All of the genetic gains made to date in operational pine plantations in the southern US have come from traditional tree improvement practices. Tree breeding includes selection of superior-looking parent trees; breeding these candidate trees together and testing their progeny to see which parent trees are indeed superior; measuring the progeny for traits that improve plantation value to landowners (e.g. stem size, stem straightness, disease resistance, adaptability, and wood properties such as wood density and bending strength); selecting the best parent trees and establishing them into production seed orchards; managing these seed orchards to produce tons of seed and hundreds of millions of seedlings that are planted on about 500,000 hectares each year throughout the South.

Traditional tree improvement is inherently slow even with some of the new “tricks of the trade” that shorten the time to flowering and crossing from 8-10 years to 3-5 years and reduce the selection age from 10-12 years to 4-5 years. Despite the challenges that we face, genetic gains in loblolly pine over the past 40+ years have been comparable to those made in other crops. Gains in volume production have averaged 5% to 10% per generation over three generations, but the most productive families are 1.5 to 2 times better than the average families. The incidence of fusiform rust disease can be reduced to very low levels by planting the most resistant families on high-hazard sites. The most dramatic gains have been made in stem straightness. Wild or non-improved loblolly pine is naturally crooked. However, improved families have stem straightness comparable to slash pine and even longleaf pine (P. palustris) and are routinely used for high-value sawtimber, poles, and pilings. To maintain and continue this genetic gain for decades and centuries to come, breeders maintain a very large and diverse genetic base with over 800 different parent trees being bred in the 4th cycle of breeding in the NC State Cooperative Tree Improvement Program.

New “Tricks of the Trade”

Tree breeders are always trying to improve the efficiency and effectiveness of their efforts and will use whatever tools are available to increase genetic gain. Since breeding cycles for loblolly pine are at least 10 to 15 years (reduced down from 15 to 25 years in the first cycles of breeding), a reduction of even one or two years can have dramatic economic impacts. The promises of enhanced gains from the new genomic sciences and biotechnologies are so great that tree breeders are investing resources into developing these tools. Using large genomic data in plant and animal breeding is a new frontier, and genomic breeding is expected to be a paradigm shift in tree breeding programs. With the use of molecular marker data, our hope is to identify genetically-superior individuals within a few weeks or months of the life of a tree as opposed to a few years. These technologies have worked especially well in cattle and other animal breeding programs, and there is every reason to believe that they will work in tree breeding programs. Additional investments into developing cost-effective marker systems and analytical techniques are still needed before the methods can be scaled up and routinely implemented into operational breeding.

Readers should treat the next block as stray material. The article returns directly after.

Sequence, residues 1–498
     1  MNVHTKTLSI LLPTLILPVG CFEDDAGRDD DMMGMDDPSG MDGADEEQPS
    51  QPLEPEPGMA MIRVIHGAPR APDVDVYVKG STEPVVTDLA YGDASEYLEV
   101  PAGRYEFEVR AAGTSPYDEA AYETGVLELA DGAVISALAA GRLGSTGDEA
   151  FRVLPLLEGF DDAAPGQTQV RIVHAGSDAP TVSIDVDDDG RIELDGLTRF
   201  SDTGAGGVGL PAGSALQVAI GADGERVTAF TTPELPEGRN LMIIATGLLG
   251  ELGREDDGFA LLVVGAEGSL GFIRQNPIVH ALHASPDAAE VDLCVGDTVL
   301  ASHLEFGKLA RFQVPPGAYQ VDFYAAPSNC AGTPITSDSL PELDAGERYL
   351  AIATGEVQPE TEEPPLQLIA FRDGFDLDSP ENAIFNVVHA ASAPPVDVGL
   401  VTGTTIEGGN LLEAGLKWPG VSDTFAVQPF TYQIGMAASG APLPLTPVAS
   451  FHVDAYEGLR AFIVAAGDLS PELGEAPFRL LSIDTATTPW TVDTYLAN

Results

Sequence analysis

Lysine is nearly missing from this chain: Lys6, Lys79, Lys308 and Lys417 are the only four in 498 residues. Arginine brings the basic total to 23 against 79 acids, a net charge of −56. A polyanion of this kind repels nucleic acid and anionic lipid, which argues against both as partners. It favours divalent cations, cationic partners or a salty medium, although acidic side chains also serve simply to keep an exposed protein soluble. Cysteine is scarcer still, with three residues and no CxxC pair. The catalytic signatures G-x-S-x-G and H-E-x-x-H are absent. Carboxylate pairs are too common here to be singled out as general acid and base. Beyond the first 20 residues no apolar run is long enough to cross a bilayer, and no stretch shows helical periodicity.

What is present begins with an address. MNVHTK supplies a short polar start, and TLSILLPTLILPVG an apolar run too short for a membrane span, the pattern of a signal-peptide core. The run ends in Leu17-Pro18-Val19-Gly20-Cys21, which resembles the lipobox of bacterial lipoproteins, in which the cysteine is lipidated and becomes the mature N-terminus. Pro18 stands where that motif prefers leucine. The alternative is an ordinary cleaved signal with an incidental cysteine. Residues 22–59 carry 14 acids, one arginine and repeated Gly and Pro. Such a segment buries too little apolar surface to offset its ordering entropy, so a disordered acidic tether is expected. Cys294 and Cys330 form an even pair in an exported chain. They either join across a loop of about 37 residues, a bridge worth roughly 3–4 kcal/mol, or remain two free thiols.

The future of tree improvement in the southern United States is as bright now as it ever has been. Through both the traditional methods of selection, breeding, and testing and the hoped-for benefits from new genomic sciences, landowners should expect continued, steady genetic gains in productivity, disease resistance, stem form, and wood properties for decades and centuries to come. If genetic gains continue at the rate that has been realized across the South the last decade or so (about 1% gain in value per year), the present value of those gains is about $2.5 billion. With better tools and improved rates of gain to a modest 1.1% gain in value per year, the present value would be $2.8 billion. If the promises of genomics can be realized, gains per year should be much higher, and the financial benefits much greater.